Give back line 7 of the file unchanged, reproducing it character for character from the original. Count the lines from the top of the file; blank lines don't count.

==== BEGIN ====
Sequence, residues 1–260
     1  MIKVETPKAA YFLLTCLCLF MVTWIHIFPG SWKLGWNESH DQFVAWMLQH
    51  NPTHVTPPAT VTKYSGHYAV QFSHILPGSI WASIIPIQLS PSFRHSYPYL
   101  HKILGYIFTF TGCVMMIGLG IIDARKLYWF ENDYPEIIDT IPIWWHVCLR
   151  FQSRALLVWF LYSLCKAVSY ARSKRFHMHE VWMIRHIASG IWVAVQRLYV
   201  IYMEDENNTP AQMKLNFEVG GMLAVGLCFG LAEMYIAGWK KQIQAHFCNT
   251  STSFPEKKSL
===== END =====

   251  STSFPEKKSL